“File:Spring day on the river Biarezina in April.jpg” by Maria Gnedina is licensed under CC BY-SA 4.0

The female, Pikne, was the last fledgling to leave the nest for her migration. She loved being fed by dad. She is also the fledgling that has made the most straightforward routing. She flew from Latvia to Belarus and then on to the Ukraine. The map below shows the leg from Belarus to the Ukraine. She will do doubt be further still when her transmitter data is next recorded. In one day she flew 379 km.

Udu was confused in his travels. Everything seems corrected now. It is like driving a different way than Google Maps tells you and Google adjusts for the error. At the time of the latest satellite transmission, Udu had traveled 604 km in total. What the researchers are noticing is that while, Pikne is going the normal Asia Minor or Eastern route, Udu is heading towards Germany and the Western route. He was last in Poland heading southwest to Germany. This is very interesting.

There are issues, as I stated in an earlier posting, with the transmissions from the other male, Tuul. The transmission data showed little movement. I am awaiting news. It is possible that the transmitter is faulty.

The last combined image of the routes of the three for comparison.

At the same time I would like to show you what other information that the researchers and citizen birders can access. On the left hand side you can find the precise location of the bird, the speed they are travelling, and their altitude – just as if you were tracking a plane on FlightRadar. This particular information is for Pikne.

Things are not going well on the WBSE nest of Lady and Dad in the Sydney Olympic Park. Everyone was hopeful that the two sea eaglets, similar size, would get along and thrive. There was some bonking in the beginning but not a lot. That, however, has changed significantly because of the lack of prey delivered to the nest. WBSE 27 totally dominates the now much smaller 28. 27 is 27 days old and 28 is 25 days old. The rains started the issues related to prey delivery.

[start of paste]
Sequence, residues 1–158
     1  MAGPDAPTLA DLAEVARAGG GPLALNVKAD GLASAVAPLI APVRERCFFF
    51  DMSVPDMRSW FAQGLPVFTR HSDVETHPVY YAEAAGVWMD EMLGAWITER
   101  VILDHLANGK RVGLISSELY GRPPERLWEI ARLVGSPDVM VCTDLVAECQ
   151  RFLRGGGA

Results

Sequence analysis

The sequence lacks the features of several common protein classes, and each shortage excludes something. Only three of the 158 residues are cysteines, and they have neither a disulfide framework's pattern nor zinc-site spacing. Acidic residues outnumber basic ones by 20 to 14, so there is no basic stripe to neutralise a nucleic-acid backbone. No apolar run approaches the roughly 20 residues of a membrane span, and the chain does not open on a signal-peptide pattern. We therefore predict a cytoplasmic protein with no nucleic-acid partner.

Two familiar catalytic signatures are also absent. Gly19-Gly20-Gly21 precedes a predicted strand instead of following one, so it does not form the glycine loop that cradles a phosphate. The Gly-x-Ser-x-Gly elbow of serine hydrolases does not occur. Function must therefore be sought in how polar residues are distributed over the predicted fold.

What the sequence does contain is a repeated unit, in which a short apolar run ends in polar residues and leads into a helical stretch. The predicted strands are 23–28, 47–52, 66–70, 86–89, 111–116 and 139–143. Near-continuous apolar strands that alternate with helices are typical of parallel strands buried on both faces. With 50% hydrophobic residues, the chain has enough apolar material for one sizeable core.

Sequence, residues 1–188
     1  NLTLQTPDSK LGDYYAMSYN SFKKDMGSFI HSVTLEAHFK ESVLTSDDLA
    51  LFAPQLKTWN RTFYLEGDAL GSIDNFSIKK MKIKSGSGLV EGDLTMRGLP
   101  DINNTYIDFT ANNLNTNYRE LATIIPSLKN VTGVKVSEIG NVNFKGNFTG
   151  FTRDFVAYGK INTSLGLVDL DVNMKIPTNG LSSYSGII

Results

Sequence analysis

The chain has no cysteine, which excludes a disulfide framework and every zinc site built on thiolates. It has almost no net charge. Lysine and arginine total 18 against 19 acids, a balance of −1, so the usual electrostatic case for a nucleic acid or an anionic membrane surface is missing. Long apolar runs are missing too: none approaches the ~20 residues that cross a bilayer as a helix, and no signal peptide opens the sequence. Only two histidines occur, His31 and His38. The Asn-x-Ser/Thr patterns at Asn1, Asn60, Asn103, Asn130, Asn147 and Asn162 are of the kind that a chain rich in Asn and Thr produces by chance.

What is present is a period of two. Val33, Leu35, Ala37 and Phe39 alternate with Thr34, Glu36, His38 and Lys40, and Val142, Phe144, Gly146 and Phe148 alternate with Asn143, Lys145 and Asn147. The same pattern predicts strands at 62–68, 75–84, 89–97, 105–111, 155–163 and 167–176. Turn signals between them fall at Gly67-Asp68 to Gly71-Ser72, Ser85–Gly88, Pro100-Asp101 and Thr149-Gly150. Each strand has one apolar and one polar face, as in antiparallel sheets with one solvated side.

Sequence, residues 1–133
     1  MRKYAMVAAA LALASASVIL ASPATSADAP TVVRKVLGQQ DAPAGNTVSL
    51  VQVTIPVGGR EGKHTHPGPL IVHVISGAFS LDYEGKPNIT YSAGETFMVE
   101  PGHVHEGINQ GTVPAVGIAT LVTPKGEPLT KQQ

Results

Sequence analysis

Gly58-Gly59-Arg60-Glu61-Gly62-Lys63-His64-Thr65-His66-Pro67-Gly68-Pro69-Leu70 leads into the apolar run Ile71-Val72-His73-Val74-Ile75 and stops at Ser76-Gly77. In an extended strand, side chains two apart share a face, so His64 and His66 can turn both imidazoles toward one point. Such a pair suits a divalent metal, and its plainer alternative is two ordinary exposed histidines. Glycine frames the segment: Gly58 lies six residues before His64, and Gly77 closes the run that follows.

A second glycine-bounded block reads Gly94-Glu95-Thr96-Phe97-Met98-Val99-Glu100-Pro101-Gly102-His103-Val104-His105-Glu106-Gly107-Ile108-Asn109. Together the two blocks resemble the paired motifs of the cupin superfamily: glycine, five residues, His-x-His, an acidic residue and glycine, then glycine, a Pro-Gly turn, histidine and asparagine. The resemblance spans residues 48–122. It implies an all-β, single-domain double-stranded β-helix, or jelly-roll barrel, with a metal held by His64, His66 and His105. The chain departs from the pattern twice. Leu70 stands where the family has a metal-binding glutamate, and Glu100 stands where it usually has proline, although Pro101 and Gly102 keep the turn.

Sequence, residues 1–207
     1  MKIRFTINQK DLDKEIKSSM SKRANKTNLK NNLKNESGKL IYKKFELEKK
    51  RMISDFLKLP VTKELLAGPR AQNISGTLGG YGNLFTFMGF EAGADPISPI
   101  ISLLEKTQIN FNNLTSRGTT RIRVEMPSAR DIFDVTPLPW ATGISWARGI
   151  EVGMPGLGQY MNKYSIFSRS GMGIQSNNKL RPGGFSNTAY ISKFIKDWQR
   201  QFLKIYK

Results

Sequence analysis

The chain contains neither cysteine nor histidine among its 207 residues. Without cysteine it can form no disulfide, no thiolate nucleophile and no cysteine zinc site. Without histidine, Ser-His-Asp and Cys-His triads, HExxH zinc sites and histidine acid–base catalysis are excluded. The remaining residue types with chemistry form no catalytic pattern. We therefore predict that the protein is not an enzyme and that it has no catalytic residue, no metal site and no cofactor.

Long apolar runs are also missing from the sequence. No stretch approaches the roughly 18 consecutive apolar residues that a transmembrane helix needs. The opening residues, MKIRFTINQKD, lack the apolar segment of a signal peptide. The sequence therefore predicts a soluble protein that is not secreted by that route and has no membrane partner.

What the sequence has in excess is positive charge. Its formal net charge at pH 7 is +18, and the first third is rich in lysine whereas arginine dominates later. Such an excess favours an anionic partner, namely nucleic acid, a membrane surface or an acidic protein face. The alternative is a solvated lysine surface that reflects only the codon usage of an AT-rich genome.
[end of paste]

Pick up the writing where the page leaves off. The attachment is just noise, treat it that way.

In the image below 27 has completely controlled the feeding and has a large crop. 28 was too frightened to try and eat.

Even when the parent is gone Little 28 is afraid to move. Like every little abused second or third hatch, 28 knows to keep its eyes open, to listen, and to keep its head down.

Little 27 waits til 28’s food starts making it sleepy and the little one moves up to the piece of prey left on the nest. 27 doesn’t care now. This is the perfect time for the parent to return to the nest and feed this baby who is so hungry.

The survival stories of our Ospreys Tiny Tot and Tiny Little are being played out on this nest in the life of 28. The Little one is starving. It needs food. It will be the first to self-feed. It is unclear if 28 got any of the food but it knows what to do. Let us hope that it is as clever as our two great survivors this year!

27 has fallen asleep. It is unclear if 28 was able to get any food. I somehow doubt it.

Lady returns. Wakes up the ‘beast’ and 27 begins hammering 28. This is turning into a horrible situation. Please send your positive energy that lots of food will come to this nest so that both are fed full! This little one needs to eat to survive.

This image was shot later in the day, hours after the morning attacks by WBSE 27.

I was told that a big fish had come on to the nest and both were fed well but I cannot find that in the footage of the streaming cam. What I do see is continued dominance and abuse by 27 over 28. No one will intervene.